"Citizen Smith" was a witty comedy from the 1970s that got better as it went along. The later series seemed funnier than the early episodes. Hopefully the show will be screened again. This is a classic.
*** This review may contain spoilers ***
The nearest British television ever got to a 'Fonzie'-type character
was Walter Henry 'Wolfie' Smith. In his 'Freedom For Tooting!' T-shirt,
khaki jacket, braces, jeans and black beret, he was an ineffectual
youthful rebel somehow left over from the '60's, marvellously played by
talented Robert Lindsay, fresh from I.T.V.'s 'Get Some In!'. Marxist
Wolfie worshipped Che Guevara, and dreamt of 'the glorious day' when
the downtrodden working classes rose up en masse and threw off the
shackles imposed on them by their capitalist masters. Each episode
began with 'The Red Flag' and concluded with Wolfie bellowing: "Power
to the people!" often to the bemusement of passers-by. The excellent
song over the end credits was sung by Lindsay.
Also in the 'Tooting Popular Front' were Buddhist Ken ( Mike Grady ), sad cowboy Tucker ( Tony Millan ), and psychotic criminal Speed ( George Sweeney ). Luckily, Wolfie had an understanding girlfriend in the shape of Shirley ( Cheryl Hall, then Lindsay's wife ), who worked in a record shop. Her father Charles Johnson ( Peter Vaughan ) - a Tory voting chief security guard at Haydon Electronics - didn't see Wolfie's appeal, and disparaged him constantly as 'that long-haired Yeti in plimsolls!". Charlie's wife was Florence, who had an unfortunate habit of saying the wrong thing at the wrong time ( marvellously played by Hilda Braid ). Wolfie stood no chance of realising his dream. When he ran in a local by-election, he only polled six votes. But, rather than simply accept defeat, he ploughed on.
This was the first major sitcom to be penned by the great John Sullivan. As you would expect, it is marvellously funny. One of the best episodes was 'The Hostage' in which the T.P.F. kidnapped a man they thought to be their local Tory M.P., only to discover that they had nabbed by mistake protection racketeer Harry Fenning ( Stephen Grief )!
Cheryl Hall left after Season 2, as did Peter Vaughan. Shirley went to Italy to work, but her Dad was still around ( played by Tony Steedman ). Stephen Grief's 'Harry Fenning' was replaced in Season 3 by David Garfield's 'Ronnie Lynch'. Arguably the most famous episode was the final one of Season Three, in which the T.F.B. found an abandoned Scorpion tank on Salisbury Plain, and tried to take the reins of power by storming Parliament. But it was a summer recess and the M.P.'s were on holiday. After being in prison for a year, they came back for one final series, which concluded with Wolfie fleeing Tooting, having angered Lynch.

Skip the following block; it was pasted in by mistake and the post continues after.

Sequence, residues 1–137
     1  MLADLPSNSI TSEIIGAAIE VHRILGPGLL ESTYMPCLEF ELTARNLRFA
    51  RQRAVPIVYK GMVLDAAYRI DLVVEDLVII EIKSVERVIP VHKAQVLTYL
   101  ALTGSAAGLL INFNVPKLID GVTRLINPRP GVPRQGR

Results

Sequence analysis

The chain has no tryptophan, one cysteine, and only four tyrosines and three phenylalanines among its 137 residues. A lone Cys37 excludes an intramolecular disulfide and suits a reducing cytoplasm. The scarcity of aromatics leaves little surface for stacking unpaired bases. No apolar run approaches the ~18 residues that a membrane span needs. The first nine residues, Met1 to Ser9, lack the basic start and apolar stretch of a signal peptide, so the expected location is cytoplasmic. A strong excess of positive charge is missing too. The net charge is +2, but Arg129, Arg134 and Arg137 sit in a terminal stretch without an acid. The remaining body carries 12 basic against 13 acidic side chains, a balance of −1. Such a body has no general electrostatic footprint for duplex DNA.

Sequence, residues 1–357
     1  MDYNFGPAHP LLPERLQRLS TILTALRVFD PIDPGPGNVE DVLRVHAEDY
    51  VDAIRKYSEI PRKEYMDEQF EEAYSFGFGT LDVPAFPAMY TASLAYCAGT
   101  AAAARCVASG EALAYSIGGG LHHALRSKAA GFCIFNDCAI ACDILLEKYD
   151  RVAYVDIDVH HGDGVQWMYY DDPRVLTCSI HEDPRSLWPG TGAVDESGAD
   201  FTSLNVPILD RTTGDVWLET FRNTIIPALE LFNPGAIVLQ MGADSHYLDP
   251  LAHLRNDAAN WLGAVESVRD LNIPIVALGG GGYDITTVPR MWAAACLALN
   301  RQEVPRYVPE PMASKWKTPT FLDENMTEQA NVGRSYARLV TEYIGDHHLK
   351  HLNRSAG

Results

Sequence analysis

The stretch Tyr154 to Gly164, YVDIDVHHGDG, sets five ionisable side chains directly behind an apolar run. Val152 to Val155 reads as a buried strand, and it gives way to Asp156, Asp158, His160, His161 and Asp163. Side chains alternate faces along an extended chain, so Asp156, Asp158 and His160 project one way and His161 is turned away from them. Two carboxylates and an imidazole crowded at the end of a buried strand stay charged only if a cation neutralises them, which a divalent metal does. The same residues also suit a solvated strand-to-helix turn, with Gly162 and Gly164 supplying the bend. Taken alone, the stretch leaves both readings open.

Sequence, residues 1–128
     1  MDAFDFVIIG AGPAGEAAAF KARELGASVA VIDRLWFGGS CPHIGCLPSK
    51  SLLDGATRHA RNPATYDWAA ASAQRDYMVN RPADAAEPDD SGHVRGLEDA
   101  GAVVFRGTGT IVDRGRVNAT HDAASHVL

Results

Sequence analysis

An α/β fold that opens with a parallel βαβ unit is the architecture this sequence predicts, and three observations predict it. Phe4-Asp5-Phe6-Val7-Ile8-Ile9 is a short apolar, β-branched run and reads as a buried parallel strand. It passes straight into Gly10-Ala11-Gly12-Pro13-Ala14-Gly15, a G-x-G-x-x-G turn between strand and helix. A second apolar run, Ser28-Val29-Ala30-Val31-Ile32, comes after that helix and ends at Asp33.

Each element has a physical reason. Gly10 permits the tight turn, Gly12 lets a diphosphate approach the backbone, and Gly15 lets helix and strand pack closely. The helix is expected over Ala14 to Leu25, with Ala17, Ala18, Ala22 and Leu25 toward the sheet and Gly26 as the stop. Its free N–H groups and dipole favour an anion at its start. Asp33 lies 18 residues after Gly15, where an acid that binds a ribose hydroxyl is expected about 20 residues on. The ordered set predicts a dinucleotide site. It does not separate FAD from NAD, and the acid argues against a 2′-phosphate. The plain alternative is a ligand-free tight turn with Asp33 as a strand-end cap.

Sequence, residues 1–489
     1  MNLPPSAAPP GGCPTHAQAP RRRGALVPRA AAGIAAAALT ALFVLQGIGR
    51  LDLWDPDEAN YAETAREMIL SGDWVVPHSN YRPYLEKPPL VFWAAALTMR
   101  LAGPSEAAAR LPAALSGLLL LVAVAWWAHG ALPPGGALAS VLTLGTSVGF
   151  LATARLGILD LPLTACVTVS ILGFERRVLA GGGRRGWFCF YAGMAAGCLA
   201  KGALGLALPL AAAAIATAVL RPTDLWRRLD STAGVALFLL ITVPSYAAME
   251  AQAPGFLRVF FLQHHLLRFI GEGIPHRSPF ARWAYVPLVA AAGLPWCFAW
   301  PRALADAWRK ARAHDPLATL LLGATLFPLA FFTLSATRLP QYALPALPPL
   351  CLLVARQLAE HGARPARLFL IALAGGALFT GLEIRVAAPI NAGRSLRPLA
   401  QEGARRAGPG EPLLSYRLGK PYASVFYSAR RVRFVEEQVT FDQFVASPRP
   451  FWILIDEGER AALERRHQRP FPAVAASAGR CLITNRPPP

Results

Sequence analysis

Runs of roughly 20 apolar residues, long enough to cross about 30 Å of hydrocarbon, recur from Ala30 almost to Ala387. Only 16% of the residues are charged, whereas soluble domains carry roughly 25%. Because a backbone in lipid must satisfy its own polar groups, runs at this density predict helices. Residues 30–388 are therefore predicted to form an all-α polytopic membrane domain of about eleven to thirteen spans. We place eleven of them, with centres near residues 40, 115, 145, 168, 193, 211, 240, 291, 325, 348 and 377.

'Citizen Smith' had a good run, and is fondly remembered ( Lindsay was appearing on Broadway some years ago when someone in the crowd yelled "Freedom for Tooting!" ). He may have done other things since, but to me he'll always be 'Wolfie'. Sullivan's next series was the even more successful 'Only Fools & Horses'.
We are still waiting for Smith's vision of a socialist utopia to come true. Where are you when we need you, Wolfie?
Citizen Smith was my favourite 70s sitcom.
The first review on this gives an accurate picture of what it was about, and the people involved.
Wolfie is one of lifes eternal losers, with visions of socialist political power (to the people).
the most memorable scene I remember was when they launched a protest, and broke into the houses of parliament in order to vioce their disaproval, only to discover that all the MPs were on holiday.
There are many similarities between 'Smith' and 'Only Fools & Horses' - the writing in both was superb.
Perhaps the BBC & Robert Lindsay would consider a revival of this series, although I feel it is probably better left as it was - simply perfect!
*** This review may contain spoilers ***
John Sullivan was working at the BBC as a scenery shifter when he came
up with this amusing series about a would-be Marxist who doesn't seem